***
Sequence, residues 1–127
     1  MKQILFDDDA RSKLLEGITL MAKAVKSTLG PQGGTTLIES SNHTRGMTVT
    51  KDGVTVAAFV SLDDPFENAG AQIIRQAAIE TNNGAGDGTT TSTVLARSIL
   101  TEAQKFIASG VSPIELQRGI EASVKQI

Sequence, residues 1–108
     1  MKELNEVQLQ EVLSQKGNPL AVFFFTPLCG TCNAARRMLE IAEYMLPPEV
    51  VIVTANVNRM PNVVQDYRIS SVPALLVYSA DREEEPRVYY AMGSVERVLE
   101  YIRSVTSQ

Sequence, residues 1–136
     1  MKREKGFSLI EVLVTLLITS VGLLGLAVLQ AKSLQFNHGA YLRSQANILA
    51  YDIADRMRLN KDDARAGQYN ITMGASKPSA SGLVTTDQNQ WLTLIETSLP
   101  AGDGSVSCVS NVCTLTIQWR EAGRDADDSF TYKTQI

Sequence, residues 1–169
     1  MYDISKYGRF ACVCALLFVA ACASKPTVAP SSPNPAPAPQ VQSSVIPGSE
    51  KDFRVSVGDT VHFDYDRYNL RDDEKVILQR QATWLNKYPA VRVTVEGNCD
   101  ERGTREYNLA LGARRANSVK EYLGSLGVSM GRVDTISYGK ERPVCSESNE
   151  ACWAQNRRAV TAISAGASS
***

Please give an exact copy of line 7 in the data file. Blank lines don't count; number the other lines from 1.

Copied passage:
    51  VIVTANVNRM PNVVQDYRIS SVPALLVYSA DREEEPRVYY AMGSVERVLE